At first glance, they appear to be the same thing but examine the detail and there, you will find, lurks the devil. Whilst there is plenty of online information to define both, there is little to explain why this seeming duplication exits.
I hope to shed some light here, though (disclaimer alert), my observations are subject to some conjecture because the 'why' factors are not necessarily clearly stated.
First to set the scene. Australia has a federal political system, i.e. a national government for some functions and state governments for others. There is plenty of overlap and this is never more apparent than in health.
Public hospitals and community services are funded by the states, and private health is heavily supplemented through Medicare which is governed by the federal Department of Health and Ageing. Cost for healthcare falls to one or other jurisdiction depending on where it is delivered, and by whom.
Doctors are, of course, expensive to hire and generate even more cost through their practice. Both layers of government, therefore, want a say in controlling the appointment of doctors in 'at need' positions in order to manage cost as it impacts their own budget - hence the duplication.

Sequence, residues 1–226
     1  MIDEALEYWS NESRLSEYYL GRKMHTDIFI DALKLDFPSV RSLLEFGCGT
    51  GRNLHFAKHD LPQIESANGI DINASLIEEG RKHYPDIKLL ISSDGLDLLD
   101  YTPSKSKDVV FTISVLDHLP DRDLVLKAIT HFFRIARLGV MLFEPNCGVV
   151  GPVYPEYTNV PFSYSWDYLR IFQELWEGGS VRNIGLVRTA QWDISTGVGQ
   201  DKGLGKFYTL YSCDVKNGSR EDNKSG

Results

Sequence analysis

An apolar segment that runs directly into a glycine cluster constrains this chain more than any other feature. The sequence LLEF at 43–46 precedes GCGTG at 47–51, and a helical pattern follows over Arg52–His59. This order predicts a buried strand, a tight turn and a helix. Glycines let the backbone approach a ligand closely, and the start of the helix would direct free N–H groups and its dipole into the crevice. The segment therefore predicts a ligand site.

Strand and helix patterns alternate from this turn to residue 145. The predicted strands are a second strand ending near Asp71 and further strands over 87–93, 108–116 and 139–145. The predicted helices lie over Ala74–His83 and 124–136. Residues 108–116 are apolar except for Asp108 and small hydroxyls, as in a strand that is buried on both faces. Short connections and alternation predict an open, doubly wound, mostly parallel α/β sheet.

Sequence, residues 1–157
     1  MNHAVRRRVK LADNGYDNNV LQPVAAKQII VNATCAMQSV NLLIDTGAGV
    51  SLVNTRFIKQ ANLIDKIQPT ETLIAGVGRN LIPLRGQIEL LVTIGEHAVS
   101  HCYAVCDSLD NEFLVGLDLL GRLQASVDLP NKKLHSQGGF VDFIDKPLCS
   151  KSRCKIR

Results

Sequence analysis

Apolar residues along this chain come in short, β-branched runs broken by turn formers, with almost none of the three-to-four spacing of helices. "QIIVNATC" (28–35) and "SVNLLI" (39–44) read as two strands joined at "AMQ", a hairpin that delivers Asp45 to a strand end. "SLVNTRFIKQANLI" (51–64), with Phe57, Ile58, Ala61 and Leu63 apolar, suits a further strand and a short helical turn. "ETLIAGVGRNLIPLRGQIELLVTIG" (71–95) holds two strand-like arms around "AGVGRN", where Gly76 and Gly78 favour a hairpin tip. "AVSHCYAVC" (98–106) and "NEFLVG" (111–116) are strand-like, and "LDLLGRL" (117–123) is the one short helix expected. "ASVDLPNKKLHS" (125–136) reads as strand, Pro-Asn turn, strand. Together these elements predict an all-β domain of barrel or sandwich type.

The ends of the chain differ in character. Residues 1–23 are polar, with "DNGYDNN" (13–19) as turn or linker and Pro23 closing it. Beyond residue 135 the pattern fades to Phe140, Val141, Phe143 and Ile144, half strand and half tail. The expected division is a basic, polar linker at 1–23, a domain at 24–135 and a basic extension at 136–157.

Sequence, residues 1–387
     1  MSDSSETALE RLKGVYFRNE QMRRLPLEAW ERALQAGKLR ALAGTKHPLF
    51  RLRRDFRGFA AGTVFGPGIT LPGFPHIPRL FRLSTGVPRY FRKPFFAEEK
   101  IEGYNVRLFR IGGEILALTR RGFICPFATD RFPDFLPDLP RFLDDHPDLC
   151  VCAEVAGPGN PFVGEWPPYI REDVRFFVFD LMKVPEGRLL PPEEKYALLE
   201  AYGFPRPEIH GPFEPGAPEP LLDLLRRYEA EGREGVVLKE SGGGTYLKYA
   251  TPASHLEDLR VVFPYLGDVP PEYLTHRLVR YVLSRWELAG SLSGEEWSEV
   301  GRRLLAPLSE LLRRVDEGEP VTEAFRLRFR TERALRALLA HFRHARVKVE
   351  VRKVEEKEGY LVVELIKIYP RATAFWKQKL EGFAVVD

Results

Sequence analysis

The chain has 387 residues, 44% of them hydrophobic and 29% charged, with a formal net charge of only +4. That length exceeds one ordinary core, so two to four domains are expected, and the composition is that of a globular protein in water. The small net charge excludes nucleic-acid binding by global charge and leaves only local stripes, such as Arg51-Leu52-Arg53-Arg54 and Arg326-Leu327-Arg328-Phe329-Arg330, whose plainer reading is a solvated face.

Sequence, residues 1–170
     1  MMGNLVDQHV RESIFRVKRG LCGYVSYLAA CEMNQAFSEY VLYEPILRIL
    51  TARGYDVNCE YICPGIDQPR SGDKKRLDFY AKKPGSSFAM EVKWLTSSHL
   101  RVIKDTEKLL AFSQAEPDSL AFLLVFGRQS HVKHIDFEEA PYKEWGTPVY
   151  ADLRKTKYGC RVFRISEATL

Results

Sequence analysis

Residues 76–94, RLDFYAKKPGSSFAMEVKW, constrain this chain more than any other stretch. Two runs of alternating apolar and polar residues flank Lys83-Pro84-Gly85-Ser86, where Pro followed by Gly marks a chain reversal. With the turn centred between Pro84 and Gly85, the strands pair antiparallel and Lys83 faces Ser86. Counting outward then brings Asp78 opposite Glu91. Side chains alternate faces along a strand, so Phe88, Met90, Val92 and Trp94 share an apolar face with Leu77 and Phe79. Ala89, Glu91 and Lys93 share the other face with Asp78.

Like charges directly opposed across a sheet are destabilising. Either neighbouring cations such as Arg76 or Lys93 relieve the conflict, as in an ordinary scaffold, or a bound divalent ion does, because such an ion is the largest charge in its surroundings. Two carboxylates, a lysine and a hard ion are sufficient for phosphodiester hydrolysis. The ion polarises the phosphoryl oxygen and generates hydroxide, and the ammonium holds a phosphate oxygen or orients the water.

DWS is a federal mechanism to control cost through billing activity by restricting the number of Medicare Provider Numbers issued, for a particular specialty, in a particular geographical region.
AON is a state control on the appointment of doctors, mainly onto their payroll and into their state run facilities with the attendant costs that this will incur.
Cost, of course, is not the only consideration. Both branches of government are motivated by the communities need for healthcare services, but money inevitably informs their philosophical and practical approach to the issue.
You will unavoidably have to go through a lot of duplicated paperwork.
So there you have it. It may seem illogical at first but the system has evolved as it has for an explicable reason.
Is there room to improve the system? Absolutely, it could be streamlined with greater coordination and less double-up - but that's another topic.
On balance I think that the process and paperwork to get into Australia is generally reasonable and fair (try getting into Canada as a specialist!) so there is little point in complaining. You might as well just get on with it.
Just try to remember that it will all be worth it in the end.
Written by Dr John Bethell, Director of Wavelength International
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